A week's vacation is all very well, but who doesn't dream of getting—and staying—away for a long stretch? Before you pack your bags, there are quite a few arrangements to make.
What should we do about our house while we're gone?
That's the comparatively easy part. If you'll be traveling for less than a month, just ask a friend to water the plants. For longer absences, leasing is the way to go. Most real-estate agents won't do short-term rentals, so you'll have to be your own agent: Post an ad on Craigslist and, better yet, spread the word via Facebook, group e-mails, and word of mouth, all of which increase your chances of finding a trustworthy tenant. Whomever you select, get references from an employer or a landlord—someone who can speak to that person's reliability. Put everything in writing (download templates at findlegalforms.com, from $10) and ask for a security deposit of at least one month's rent. Also, switch your home-owner's insurance to a rental policy, which will cost about 20 percent less and cover damage to the building as well as your own liability. Your possessions probably won't be protected, so stash valuables in storage. Also crucial: Either pay your bills in advance or sign up for online banking, and don't forget to put your mail and newspapers on hold.
How about health care? Can I just get by with travel insurance?
Before you delve into the eye-crossing world of insurance, here's what you need to know: Medical coverage in a typical travel insurance policy is very limited. It provides only secondary benefits, meaning expenses not taken care of by your primary health plan. And that's only when "life or limb"—literally—are at imminent risk. So, for instance, you'll be reimbursed for getting a broken leg set or going in for chest pains that might indicate a heart attack, but not for a routine checkup or a doctor's visit for the flu. The most significant thing travel insurance does cover is the cost of emergency evacuation—worthwhile if you're heading somewhere remote and potentially dangerous. At insuremytrip.com, you can compare price quotes and policies from more than a dozen insurers. Also check out worldnomads.com, an Australia-based company that specializes in basic, reasonably priced travel policies for adventurers (covering skiing and snowboarding, which few other insurers do).
Once overseas, is it better to pay with credit cards or local currency?
The short answer is both, depending on the place and purchase. Visa and MasterCard add up to 1 percent in fees to all foreign transactions, and since most banks tack on another 1 percent or 2 percent, travelers often pay a 3 percent surcharge anytime they use plastic. The exception is Capital One, whose No Hassle cards are free of overseas fees and even cover the assessment Visa and MasterCard usually charge. If you're abroad for a while, those surcharges can add up. Of course, you still need pocket money. Get it from ATMs, not exchange counters, but be aware that your bank may charge 1 percent to 3 percent and/or a flat dollar amount, and the ATM may have its own fee. Find out about your bank's conversion surcharge and whether it has affiliate ATMs in your destination. Bank of America, for example, belongs to the Global ATM Alliance, a network of major international banks that allow customers to use participating companies' machines fee-free. The more than 12,000 ATMs are spread throughout North America, Europe, Australia, and China. Find partner ATM locations at bankofamerica.com.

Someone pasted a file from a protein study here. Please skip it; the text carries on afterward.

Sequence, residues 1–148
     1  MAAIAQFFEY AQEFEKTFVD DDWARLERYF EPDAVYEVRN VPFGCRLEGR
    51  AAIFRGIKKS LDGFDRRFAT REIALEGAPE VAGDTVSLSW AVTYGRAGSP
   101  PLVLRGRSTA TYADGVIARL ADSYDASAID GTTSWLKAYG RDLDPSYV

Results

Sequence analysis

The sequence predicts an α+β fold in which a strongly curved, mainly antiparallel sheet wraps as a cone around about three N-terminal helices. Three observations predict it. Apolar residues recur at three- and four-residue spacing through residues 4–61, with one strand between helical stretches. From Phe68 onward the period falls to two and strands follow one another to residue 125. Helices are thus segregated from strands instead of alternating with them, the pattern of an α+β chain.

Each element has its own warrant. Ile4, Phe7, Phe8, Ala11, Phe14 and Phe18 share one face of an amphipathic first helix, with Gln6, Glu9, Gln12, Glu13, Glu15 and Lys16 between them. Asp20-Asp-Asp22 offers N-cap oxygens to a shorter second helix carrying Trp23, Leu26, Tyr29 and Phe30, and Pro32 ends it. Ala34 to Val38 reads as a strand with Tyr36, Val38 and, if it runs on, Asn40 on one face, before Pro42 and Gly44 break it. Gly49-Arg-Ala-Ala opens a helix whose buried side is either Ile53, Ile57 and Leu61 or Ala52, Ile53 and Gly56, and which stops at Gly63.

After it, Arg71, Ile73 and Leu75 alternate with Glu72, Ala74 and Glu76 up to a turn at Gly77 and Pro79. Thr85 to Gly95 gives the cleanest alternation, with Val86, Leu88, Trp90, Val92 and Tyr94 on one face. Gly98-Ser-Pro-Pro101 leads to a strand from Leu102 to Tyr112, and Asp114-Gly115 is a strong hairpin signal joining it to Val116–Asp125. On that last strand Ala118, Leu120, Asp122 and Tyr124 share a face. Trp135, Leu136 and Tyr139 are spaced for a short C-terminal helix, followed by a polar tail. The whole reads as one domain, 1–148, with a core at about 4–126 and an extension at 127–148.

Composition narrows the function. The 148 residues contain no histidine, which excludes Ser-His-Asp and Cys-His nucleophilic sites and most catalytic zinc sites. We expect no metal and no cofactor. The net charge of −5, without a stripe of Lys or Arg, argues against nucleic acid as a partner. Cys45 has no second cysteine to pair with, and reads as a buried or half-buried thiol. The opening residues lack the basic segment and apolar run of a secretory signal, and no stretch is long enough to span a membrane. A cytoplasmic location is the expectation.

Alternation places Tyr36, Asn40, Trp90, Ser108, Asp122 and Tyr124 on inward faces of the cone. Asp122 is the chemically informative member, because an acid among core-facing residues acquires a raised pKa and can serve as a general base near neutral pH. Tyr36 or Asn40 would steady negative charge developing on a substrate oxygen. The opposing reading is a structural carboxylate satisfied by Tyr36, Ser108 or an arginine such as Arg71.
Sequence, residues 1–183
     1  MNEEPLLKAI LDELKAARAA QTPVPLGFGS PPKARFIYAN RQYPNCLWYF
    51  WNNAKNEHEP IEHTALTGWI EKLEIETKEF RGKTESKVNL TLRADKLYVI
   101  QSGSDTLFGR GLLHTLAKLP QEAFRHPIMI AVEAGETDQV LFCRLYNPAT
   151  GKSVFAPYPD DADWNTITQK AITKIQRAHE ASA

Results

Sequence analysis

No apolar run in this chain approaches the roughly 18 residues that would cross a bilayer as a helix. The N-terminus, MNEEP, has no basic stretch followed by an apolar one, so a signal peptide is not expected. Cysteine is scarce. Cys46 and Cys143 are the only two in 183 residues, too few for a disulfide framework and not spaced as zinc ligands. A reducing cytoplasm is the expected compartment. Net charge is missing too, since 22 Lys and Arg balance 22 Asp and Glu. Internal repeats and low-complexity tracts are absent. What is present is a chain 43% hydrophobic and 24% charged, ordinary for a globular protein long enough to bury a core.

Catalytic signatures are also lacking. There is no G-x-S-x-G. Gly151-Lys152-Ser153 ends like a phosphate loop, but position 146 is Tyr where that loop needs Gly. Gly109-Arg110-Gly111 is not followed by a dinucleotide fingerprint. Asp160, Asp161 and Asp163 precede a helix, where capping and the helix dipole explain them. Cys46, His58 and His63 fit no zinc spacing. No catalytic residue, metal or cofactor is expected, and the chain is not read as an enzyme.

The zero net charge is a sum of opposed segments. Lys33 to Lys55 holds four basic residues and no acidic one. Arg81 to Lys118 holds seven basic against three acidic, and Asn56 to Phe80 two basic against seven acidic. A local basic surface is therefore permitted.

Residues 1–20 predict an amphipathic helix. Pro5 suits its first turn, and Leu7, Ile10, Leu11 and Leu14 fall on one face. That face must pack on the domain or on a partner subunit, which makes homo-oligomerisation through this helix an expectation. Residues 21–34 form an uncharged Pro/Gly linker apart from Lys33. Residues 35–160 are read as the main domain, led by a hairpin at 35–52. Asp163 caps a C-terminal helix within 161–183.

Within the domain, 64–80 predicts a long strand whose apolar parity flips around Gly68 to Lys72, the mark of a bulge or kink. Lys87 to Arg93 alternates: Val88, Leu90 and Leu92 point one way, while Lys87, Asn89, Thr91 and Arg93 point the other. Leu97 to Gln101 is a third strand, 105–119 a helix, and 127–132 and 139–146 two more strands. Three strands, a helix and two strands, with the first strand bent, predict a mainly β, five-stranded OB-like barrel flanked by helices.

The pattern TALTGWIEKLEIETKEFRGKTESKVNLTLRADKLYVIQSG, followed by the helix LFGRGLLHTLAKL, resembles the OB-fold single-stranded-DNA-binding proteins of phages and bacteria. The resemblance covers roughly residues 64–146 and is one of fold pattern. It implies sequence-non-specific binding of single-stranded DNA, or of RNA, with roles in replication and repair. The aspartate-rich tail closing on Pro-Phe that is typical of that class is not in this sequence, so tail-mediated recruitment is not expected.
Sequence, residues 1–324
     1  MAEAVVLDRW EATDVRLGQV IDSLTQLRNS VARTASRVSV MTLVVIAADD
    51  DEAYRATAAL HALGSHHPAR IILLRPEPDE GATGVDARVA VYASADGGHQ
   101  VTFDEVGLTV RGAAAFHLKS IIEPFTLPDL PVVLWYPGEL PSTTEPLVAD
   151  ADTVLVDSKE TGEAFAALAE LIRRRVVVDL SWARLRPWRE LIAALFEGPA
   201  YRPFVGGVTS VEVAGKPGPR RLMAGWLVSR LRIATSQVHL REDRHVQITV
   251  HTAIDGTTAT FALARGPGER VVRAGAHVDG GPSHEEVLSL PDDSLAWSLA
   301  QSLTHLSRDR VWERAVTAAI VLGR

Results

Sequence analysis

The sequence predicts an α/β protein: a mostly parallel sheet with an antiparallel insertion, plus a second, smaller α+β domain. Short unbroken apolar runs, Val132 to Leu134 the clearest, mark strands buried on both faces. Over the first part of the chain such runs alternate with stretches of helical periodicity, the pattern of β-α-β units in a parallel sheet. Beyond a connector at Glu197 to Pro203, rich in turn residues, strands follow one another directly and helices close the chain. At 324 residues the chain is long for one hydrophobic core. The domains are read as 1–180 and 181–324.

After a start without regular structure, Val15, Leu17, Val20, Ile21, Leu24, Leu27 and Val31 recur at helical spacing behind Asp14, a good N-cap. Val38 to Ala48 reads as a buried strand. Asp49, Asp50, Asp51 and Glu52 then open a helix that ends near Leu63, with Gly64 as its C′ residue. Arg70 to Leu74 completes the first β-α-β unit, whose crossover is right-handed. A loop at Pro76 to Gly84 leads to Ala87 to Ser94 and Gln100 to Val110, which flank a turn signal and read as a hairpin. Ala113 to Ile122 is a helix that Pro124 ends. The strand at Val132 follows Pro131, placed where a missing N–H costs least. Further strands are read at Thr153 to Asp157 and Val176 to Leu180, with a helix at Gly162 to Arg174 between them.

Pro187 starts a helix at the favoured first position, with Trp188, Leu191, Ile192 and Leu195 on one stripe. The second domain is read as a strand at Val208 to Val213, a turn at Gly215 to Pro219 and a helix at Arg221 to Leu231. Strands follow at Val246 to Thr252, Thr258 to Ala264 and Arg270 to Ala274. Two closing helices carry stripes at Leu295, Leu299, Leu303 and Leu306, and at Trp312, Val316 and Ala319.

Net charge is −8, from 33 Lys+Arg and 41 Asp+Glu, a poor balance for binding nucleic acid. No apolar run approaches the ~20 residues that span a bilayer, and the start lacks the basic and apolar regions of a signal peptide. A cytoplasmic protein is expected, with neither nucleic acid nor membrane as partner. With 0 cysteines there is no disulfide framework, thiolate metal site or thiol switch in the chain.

How complicated is it to have our kids miss school for a while?
"Ironically, it's easier to take your children out of school for a year than it is for two (or four or six) weeks," says John Higham, who recently chronicled a yearlong trip with his wife and two kids in his book 360 Degrees Longitude: One Family's Journey Around the World. If you'll be staying put for several months, the kids can attend a local school; scope out the options via International Schools Services (iss.edu), a nonprofit that has a directory of more than 500 accredited American and international schools overseas, and at the State Department's Office of Overseas Schools site (state.gov/m/a/os/). Application processes may be complicated, requiring transcripts, referrals, and interviews, and schools can fill up, so it's best to start planning at least six months in advance. If you'd rather be on-the-go, consider homeschooling. Just about every state has its own homeschool association, which can help you navigate everything from curricula to appropriate textbooks to state standards. Be prepared to work closely with principals and teachers to help kids keep up with coursework. Higham's key advice is to approach your school with a plan: "Don't make the mistake of asking, 'Will this be OK?' Tell them, 'My child is going to be gone for the month of April. How can we get him prepared to return in May?' Some schools may balk, but remember, this is your decision."
Top Three Resources
Book:The Practical Nomad: How to Travel Around the World, by Edward Hasbrouck
Advice about everything from when to buy plane tickets to which countries are ideal for train journeys (travelmatters.com, $22).
Firsthand accounts from countless destinations (where else can you read about spending the summer solstice in Scotland's Orkney Islands?).
The go-to forum for anyone on a long-term trip or working abroad. Key features include individual networks for 120 countries and a resource guide with info on everything from renting a car to finding counseling and jobs.